Recommendation: Not for the squeamish, nor for those who are bothered by English dubbed dialogue (that was a hurdle I personally had to overcome). With that out of the way, I’m now pretty eager to see Vincenzo Natali’s sci fi/horror Cube from 1997 — a movie that this Netflix offering has been compared to by a number of critics and bloggers alike. And vice versa, if you’re a fan of that cult classic I’d imagine you’re going to have some fun with this one. 

Rated: R

Running Time: 90 mins.

Quoted: “This is not a good place for someone who likes reading.”

All content originally published and the reproduction elsewhere without the expressed written consent of the blog owner is prohibited.

Photo credits: IMDb; The Maine Edge 

High-Rise

high-rise-movie-poster

Release: Friday, May 13, 2016 (limited) 

[Netflix]

Written by: Amy Jump

Directed by: Ben Wheatley

Chaos reigns supreme in Ben Wheatley’s High-Rise, an adaptation of the 1975 novel penned by British author J.G. Ballard who envisioned a microcosm of society confined within a 40-story-tall luxury apartment building. After nearly four decades and several failed attempts at adapting material many considered ‘un-filmable,’ Ballard’s anarchical dreams have finally found a home on the big screen in 2016.

Despite several familiar trends, the 1970s-London-set High-Rise manages to differentiate itself by presenting an atypical dystopian society. Rather than prisoners of a faceless, nameless system, people are more often than not victims of their own circumstances, organized within the building according to their financial standing: the wealthy live on the top floors while the poor occupy lower levels. This isn’t a prison, for tenants haven’t been forced to abandon the conveniences of modern living nor have they been brainwashed into disassociating with the outside world. Rather, disaffection has occurred naturally, the conveniences of the building allowing those inside to gradually lose interest in anything it doesn’t provide. Additionally, and although it certainly feels like it at times, this isn’t a post-apocalyptic environment; the people who fill the frame represent only a fraction of society, those who we can safely assume actually wanted to come live here.

High-Rise is a movie of striking visual design, at times to a fault. Indeed, the building is a character unto itself, a looming entity with its upper five or ten floors precariously off-set from the rest. One look at this feat of civil engineering and you’re smitten. Even though it’s precisely the kind of physics-defying curiosity that has become old hat in these sorts of movies, the tower looks and feels right at home in our world. The cold, metal-gray interior features all the amenities you could imagine: shopping markets, gyms, pool-and-spa areas; there’s even a primary school. Parties are regularly thrown, often spilling over between floors, necessarily suggesting different economic classes still have the freedom to associate with whomever they so choose.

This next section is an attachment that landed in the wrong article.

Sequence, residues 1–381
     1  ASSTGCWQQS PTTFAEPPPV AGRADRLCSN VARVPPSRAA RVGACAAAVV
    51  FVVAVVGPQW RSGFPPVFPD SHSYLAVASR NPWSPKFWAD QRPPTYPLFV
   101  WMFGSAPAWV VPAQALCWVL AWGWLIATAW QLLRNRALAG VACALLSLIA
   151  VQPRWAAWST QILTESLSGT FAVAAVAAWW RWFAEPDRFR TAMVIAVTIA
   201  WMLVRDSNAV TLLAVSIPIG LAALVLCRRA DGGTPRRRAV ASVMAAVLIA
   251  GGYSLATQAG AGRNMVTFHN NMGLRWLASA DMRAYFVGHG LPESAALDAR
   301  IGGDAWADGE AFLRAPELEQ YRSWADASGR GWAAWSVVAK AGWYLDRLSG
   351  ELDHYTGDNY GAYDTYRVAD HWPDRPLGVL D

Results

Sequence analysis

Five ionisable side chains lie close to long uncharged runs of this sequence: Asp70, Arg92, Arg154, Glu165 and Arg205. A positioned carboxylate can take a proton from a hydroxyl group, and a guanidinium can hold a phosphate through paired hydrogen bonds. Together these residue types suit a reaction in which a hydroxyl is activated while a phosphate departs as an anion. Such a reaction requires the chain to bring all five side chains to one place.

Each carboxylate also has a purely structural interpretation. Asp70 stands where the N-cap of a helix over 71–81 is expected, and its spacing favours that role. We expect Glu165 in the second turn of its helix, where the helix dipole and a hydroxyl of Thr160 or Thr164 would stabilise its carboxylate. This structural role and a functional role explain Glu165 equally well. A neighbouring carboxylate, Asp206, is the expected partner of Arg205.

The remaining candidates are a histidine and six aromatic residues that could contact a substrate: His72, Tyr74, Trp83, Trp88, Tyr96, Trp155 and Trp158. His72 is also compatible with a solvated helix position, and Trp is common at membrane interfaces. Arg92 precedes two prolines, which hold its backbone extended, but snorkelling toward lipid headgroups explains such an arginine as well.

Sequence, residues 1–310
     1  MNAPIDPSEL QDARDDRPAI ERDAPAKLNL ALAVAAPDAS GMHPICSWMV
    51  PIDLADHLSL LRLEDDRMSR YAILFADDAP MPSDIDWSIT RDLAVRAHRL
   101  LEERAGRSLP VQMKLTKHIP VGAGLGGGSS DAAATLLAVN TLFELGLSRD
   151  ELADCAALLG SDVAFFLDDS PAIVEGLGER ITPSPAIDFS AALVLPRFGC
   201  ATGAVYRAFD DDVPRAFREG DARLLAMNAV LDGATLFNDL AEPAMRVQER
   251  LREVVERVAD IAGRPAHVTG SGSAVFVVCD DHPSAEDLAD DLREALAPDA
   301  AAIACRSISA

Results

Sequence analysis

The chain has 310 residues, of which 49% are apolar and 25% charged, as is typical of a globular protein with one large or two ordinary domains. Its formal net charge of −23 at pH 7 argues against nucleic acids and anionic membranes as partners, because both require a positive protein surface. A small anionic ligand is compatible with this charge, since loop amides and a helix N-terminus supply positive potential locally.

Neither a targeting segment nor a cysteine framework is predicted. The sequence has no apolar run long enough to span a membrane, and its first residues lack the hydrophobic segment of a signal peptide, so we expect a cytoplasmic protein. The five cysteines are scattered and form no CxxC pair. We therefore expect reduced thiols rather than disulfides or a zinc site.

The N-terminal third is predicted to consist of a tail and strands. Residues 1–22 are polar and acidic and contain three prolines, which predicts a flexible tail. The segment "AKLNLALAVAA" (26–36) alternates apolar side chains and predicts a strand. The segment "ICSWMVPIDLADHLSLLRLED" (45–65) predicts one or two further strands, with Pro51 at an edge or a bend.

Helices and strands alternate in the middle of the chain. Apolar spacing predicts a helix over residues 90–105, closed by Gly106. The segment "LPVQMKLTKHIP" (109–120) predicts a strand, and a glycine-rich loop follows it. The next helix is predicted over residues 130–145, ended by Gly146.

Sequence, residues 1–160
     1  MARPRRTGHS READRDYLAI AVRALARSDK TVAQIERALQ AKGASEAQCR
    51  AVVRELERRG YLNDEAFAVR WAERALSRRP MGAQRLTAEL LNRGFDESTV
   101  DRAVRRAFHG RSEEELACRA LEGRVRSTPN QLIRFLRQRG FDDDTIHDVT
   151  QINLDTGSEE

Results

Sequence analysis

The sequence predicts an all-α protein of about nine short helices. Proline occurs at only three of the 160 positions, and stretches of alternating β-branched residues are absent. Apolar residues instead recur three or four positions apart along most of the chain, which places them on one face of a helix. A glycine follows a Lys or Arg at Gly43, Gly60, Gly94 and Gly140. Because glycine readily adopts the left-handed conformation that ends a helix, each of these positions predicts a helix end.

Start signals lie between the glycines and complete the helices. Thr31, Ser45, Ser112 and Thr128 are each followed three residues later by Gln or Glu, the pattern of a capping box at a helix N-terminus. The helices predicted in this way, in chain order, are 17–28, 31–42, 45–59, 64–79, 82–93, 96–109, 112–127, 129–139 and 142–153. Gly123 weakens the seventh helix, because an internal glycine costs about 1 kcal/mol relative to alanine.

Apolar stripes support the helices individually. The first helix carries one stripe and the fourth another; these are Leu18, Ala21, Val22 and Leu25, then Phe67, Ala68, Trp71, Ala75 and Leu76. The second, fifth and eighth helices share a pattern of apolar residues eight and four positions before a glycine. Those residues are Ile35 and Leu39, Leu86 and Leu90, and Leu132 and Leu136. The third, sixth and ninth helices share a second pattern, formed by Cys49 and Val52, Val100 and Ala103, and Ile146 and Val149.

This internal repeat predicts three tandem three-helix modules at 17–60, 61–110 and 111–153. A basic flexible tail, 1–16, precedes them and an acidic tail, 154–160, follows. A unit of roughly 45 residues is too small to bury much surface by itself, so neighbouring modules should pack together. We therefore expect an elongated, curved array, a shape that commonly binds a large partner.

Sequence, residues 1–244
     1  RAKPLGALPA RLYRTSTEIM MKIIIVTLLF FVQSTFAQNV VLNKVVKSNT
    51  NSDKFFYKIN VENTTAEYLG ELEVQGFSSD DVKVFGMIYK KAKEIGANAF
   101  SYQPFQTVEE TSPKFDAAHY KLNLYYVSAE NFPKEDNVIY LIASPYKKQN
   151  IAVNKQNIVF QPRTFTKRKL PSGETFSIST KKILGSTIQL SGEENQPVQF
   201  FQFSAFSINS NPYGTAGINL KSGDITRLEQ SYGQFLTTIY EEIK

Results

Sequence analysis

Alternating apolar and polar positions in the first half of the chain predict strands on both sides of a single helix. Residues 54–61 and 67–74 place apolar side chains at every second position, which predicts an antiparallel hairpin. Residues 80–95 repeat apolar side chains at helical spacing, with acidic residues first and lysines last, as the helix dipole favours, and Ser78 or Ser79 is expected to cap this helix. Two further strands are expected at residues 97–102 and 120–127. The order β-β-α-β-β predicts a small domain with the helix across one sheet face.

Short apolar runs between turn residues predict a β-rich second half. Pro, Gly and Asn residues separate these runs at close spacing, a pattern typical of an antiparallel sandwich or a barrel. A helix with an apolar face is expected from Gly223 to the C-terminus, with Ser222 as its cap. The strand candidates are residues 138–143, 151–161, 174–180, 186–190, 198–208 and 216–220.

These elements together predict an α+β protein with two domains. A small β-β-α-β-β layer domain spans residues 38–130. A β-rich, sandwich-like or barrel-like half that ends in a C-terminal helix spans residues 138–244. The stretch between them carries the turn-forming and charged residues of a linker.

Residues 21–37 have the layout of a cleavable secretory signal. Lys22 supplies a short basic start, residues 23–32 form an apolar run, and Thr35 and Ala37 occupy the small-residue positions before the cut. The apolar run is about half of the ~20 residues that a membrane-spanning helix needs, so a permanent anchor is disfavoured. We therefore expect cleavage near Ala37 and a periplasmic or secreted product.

Dr. Robert Laing (Tom Hiddleston) is our way into the building. A 25th-floor resident, Robert is a lecturer on physiology and commutes daily to and from the city. He allows himself some distance from other people until his upstairs neighbor, single mom Charlotte (Sienna Miller), makes her presence known. The two quickly fall into a romance that eventually allows Robert to get to know her young but strange son Toby (Louis Suc). The first third of the film establishes the world inside this place and sees him getting acquainted with a few other eccentrics, including the Wilders, a family whose station in life seems to be being stuck on the bottom floor. Richard (Luke Evans) is a documentarian with a screw loose and more than a few probing questions. His wife Helen (Elisabeth Moss) is heavily pregnant and wishes Richard weren’t always out getting himself into trouble.

Robert soon finds himself summoned to the penthouse, where high rise architect Anthony Royal (Jeremy Irons) and his socialite wife Ann (Keeley Hawes) live. Well, flourish really. He’s brought up for an opportunity to get to know some of the building’s more prestigious fellows, a networking opportunity if you want to call it that. In some ways Hiddleston’s place within the narrative, especially with regards to his association with such characters, feels reminiscent of Jonathan Pine and his fraternization with dangerous types in the brilliant TV mini-series The Night Manager, a John le Carré adaptation in which a former British soldier is recruited by MI6 to infiltrate the ranks of a notorious international arms dealer in order to bring him down.